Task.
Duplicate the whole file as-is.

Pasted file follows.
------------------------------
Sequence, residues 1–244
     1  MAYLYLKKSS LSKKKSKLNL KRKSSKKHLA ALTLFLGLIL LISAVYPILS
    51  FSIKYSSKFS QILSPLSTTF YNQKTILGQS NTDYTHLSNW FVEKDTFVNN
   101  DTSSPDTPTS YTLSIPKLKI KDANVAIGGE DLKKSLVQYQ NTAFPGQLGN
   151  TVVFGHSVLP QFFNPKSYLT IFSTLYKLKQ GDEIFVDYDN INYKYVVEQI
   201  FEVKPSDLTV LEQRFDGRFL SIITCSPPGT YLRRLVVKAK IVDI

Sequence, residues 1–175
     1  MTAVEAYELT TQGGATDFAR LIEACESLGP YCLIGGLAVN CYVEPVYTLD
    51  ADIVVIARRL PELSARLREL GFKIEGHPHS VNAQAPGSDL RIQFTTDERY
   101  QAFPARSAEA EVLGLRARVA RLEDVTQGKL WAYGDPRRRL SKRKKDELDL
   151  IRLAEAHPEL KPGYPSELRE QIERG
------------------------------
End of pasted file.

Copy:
Sequence, residues 1–244
     1  MAYLYLKKSS LSKKKSKLNL KRKSSKKHLA ALTLFLGLIL LISAVYPILS
    51  FSIKYSSKFS QILSPLSTTF YNQKTILGQS NTDYTHLSNW FVEKDTFVNN
   101  DTSSPDTPTS YTLSIPKLKI KDANVAIGGE DLKKSLVQYQ NTAFPGQLGN
   151  TVVFGHSVLP QFFNPKSYLT IFSTLYKLKQ GDEIFVDYDN INYKYVVEQI
   201  FEVKPSDLTV LEQRFDGRFL SIITCSPPGT YLRRLVVKAK IVDI

Sequence, residues 1–175
     1  MTAVEAYELT TQGGATDFAR LIEACESLGP YCLIGGLAVN CYVEPVYTLD
    51  ADIVVIARRL PELSARLREL GFKIEGHPHS VNAQAPGSDL RIQFTTDERY
   101  QAFPARSAEA EVLGLRARVA RLEDVTQGKL WAYGDPRRRL SKRKKDELDL
   151  IRLAEAHPEL KPGYPSELRE QIERG